Anglet - La Madrague Swell Statistics, Summer: Surf with Light or Offshore Winds
The rose diagram shows only the swells directed at Anglet - La Madrague that coincided with light winds or offshore conditions through a typical northern hemisphere summer. It is based on 7265 predictions, one every 3 hours. The direction of the spokes show where quality surf generating swell comes from. Five colours represent increasing wave sizes. Very small swells of less than 0.5m (1.5 feet) high are shown in blue. Green and yellow show increasing swell sizes and red illustrates the biggest swells, greater than >3m (>10ft). In each graph, the area of any colour is proportional to how often that size swell happens.
The diagram indicates that the dominant swell direction, shown by the largest spokes, was WNW, whereas the the prevailing wind blows from the NNW. The chart at the bottom shows the same thing but without direction information. For example, swells larger than 1.5 feet (0.5m) coincided with good wind conditions 36% of the time, equivalent to 33 days. Open sea swells exceeding >3m (>10ft) are unlikely to arise in a normal northern hemisphere summer but 6% of the time you can expect swell in the range 1.3-2m (4-6.5ft) 6%, equivalent to (5 days). Taking into account the fraction of these swells that coincided with expected offshore winds, and given the fact that Anglet - La Madrague is exposed to open water swells, we calculate that clean surf can be found at Anglet - La Madrague about 36% of the time and that surf is messed up by onshore wind 55% of the time. This is means that we expect 83 days with waves in a typical northern hemisphere summer, of which 33 days should be clean enough to surf.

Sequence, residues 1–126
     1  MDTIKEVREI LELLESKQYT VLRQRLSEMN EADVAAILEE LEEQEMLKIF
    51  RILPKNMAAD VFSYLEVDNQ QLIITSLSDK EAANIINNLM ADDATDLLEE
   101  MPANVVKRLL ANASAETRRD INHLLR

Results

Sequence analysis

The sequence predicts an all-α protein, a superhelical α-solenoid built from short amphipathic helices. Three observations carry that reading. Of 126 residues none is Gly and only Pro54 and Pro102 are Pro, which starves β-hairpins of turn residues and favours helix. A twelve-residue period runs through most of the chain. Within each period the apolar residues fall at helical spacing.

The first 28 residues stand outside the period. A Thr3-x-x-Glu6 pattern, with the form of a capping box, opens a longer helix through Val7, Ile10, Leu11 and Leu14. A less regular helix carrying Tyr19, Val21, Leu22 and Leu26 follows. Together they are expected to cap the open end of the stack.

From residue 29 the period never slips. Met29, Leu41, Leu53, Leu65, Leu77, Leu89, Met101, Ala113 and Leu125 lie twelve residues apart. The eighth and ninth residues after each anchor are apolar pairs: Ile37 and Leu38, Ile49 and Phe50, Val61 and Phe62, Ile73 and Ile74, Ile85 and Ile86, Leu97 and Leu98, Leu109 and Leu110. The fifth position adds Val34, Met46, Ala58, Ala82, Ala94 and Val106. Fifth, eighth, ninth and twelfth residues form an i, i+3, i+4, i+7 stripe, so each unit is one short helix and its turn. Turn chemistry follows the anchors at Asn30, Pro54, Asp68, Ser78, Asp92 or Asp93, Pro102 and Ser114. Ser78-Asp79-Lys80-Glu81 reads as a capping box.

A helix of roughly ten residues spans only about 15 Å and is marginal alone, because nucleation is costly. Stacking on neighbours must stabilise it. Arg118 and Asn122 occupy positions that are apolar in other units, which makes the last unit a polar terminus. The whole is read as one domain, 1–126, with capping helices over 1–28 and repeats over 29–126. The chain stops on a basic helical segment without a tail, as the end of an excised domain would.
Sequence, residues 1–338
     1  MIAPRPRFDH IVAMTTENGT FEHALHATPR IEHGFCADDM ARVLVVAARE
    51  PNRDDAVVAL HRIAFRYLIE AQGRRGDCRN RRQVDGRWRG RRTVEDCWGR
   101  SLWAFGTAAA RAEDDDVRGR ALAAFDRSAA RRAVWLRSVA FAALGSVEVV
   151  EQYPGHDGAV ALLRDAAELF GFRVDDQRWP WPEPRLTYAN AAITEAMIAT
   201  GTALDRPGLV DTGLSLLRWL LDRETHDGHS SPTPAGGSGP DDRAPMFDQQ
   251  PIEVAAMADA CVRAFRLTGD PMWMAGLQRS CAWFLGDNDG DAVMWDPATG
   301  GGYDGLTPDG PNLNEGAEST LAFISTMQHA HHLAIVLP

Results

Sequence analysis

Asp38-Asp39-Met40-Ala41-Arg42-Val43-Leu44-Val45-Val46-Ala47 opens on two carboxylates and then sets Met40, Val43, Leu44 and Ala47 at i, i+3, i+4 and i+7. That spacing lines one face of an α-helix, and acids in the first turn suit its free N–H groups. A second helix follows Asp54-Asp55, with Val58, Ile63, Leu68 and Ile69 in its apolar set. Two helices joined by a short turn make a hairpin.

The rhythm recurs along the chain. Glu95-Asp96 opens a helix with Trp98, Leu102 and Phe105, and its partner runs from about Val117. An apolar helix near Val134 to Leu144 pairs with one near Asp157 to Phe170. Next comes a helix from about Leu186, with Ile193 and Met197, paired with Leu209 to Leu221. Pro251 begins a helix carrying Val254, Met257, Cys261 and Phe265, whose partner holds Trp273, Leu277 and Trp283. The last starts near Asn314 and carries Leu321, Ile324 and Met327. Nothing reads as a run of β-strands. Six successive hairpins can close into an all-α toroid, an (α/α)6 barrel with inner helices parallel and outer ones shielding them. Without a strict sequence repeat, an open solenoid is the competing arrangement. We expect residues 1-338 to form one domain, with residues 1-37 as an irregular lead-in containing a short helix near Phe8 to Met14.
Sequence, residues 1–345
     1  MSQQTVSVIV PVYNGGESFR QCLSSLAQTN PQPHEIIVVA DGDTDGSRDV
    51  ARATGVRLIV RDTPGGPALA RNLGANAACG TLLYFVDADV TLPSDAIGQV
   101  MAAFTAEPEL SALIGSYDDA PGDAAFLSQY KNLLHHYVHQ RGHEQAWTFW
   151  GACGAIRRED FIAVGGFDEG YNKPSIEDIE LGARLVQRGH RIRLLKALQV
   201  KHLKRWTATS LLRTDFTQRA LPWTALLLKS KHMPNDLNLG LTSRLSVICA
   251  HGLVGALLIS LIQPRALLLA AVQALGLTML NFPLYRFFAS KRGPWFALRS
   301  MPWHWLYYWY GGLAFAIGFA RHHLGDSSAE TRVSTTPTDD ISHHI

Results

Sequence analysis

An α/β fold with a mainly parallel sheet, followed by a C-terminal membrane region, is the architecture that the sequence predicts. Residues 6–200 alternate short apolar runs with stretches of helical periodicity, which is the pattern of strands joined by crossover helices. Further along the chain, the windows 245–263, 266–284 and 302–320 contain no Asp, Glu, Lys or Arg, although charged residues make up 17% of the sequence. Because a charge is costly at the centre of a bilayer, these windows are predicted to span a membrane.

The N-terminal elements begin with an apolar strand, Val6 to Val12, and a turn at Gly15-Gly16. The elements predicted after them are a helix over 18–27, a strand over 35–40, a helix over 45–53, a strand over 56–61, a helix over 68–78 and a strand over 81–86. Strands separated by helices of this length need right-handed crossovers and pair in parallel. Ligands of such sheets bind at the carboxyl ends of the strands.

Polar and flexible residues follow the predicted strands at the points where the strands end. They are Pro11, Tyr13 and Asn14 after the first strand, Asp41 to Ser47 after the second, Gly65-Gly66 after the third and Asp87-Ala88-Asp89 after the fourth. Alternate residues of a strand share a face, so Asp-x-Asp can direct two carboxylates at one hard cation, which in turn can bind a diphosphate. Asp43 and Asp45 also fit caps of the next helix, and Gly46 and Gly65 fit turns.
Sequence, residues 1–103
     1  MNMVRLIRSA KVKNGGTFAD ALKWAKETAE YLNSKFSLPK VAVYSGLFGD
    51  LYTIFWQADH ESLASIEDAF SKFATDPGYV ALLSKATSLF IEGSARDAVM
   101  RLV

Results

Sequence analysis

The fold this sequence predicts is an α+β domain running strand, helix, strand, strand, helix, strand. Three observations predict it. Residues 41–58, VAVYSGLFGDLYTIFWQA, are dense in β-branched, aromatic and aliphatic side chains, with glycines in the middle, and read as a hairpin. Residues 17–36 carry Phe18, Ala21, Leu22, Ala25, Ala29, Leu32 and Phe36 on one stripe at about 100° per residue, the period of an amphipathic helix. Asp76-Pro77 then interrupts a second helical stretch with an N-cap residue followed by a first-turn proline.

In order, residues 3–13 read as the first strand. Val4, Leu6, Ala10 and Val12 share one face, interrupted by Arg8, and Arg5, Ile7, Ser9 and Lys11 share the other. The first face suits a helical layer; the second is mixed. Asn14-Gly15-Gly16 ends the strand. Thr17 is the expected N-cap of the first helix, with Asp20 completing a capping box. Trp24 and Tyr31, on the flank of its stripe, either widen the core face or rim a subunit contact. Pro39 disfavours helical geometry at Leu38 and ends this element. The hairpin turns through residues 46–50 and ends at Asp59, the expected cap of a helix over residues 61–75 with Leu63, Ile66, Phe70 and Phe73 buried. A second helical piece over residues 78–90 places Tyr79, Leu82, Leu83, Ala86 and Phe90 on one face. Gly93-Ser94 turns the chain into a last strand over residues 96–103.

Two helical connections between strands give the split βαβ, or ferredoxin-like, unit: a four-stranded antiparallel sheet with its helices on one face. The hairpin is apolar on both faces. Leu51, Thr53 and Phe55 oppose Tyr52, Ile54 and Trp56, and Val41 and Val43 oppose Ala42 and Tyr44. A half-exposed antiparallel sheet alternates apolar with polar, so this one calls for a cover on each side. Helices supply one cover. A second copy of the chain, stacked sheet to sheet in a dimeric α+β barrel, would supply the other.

IMPORTANT: Beta version feature! Swell heights are open water values from NWW3. There is no attempt to model near-shore effects. Coastal wave heights will generally be less, especially if the break does not have unobstructed exposure to the open ocean.